Water contamination is a significant environmental issue in many countries at all stages of development.  We heard about research into salinization and arsenic contamination of groundwater in Bangladesh. Mike Webster, head of WasteAid (check them out here) gave a different perspective on water contamination, talking about the work the charity has done in improving solid waste collection, thereby improving drainage and water quality.

Probably the most hectic, yet fun part of the conference was the UN style activity – we split up into groups representing different stakeholders and came up with a research and innovation statement relating to water and the SDGs.

We were also joined by The Eleanor Foundation, a charity working in Tanzania to provide access to safe, clean water provision to communities through pump installation and education programmes. It was so inspiring to hear about a charity that has undertaken effective work in ensuring the sustainable supply of water to communities, and made a real difference in improving lives – it is estimated that the Eleanor Foundation has improved access to water to over 250,000 people. In 2019, GfGD will be supporting the work of The Eleanor Foundation, helping to deliver SDG 6 in Tanzania. We will be using surplus income from our conference, together with other funds, to facilitate an evaluation of The Eleanor Foundation’s water programme. This will generate recommendations for The Eleanor Foundation team to ensure long-term impact and sustainability.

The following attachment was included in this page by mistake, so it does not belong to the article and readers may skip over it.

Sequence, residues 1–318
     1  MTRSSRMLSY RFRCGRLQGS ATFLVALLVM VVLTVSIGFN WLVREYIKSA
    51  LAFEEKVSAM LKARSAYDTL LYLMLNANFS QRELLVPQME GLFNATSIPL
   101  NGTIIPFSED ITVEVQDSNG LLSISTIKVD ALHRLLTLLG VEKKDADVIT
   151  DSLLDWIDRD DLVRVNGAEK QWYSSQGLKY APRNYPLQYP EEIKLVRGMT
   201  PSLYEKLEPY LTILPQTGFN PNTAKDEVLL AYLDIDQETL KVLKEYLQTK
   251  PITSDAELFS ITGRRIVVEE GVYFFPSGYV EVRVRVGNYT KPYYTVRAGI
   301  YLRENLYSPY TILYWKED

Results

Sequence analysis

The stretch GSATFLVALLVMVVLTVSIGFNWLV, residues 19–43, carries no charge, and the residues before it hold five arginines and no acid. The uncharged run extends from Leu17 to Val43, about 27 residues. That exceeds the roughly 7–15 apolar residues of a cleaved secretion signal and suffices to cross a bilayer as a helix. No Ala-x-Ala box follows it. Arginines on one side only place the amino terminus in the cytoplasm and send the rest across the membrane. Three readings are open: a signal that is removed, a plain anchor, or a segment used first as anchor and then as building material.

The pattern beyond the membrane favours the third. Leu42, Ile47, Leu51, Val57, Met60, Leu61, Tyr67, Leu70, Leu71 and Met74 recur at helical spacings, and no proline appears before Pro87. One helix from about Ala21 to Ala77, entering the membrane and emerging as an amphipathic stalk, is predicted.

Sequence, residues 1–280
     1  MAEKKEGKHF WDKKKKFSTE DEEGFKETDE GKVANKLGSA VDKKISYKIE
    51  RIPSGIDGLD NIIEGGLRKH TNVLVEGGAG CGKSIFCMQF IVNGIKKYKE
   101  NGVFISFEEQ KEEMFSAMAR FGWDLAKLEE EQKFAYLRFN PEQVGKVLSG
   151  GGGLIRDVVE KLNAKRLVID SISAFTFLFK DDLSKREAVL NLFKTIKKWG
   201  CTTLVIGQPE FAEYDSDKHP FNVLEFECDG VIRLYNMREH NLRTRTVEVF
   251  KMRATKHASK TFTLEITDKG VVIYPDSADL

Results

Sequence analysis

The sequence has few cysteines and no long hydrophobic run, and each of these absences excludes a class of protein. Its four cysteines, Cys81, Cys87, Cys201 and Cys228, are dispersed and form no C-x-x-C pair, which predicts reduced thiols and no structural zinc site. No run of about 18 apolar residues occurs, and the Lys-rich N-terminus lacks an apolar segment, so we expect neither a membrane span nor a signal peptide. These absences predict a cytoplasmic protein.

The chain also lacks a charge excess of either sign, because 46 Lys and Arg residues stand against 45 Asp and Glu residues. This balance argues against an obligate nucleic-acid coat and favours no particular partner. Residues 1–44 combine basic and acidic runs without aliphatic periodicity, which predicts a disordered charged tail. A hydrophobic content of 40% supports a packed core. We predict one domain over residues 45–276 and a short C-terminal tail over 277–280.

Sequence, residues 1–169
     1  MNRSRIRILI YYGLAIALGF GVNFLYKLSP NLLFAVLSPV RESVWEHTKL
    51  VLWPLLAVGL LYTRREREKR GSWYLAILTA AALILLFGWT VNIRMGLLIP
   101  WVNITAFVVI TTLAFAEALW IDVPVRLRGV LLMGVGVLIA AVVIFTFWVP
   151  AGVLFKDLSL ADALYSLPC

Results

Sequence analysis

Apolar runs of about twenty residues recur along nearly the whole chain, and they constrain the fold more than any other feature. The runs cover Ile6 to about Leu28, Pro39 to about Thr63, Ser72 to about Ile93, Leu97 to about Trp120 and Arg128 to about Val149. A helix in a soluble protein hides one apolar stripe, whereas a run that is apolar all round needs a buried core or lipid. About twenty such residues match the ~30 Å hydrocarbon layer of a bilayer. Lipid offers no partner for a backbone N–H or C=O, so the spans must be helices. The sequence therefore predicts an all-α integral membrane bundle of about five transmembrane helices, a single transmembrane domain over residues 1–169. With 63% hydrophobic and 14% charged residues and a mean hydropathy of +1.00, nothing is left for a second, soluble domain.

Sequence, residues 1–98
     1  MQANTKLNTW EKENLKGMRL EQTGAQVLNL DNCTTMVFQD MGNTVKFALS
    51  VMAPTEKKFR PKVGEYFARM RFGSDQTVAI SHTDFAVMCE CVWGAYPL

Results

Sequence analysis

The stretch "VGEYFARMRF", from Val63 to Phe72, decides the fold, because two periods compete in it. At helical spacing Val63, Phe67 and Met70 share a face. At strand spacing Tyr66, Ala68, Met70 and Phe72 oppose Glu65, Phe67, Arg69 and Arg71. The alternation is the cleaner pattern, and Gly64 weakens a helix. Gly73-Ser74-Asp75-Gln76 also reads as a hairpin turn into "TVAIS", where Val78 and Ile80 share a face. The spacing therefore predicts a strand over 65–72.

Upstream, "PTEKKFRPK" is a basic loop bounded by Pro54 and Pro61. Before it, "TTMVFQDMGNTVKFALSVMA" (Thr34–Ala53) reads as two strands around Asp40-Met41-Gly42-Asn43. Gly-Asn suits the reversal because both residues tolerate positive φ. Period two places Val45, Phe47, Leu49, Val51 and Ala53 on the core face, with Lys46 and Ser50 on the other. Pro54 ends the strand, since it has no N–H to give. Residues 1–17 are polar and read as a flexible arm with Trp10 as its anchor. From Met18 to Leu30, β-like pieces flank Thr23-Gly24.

In true GSL conference style, we finished the conference with a reception in the library, giving us all the chance to chat about the conference and meet people sharing an interest in geoscience and development (of course admiring William Smith’s geological map!). I think it would be fair to say that a fun and interesting day was had by all, and I left feeling excited by the number of geoscientists I met that all share enthusiasm for the role that geoscientists have in helping to achieve the SDGs.

The 7th GfGD Annual Conference will be on Friday 15th November 2019, hosted again by the Geological Society of London. Please do save the date, and we hope to see you there!

Laura Hunt is a member of the GfGD Executive Team, and a PhD Student at the University of Nottingham and the British Geological Survey.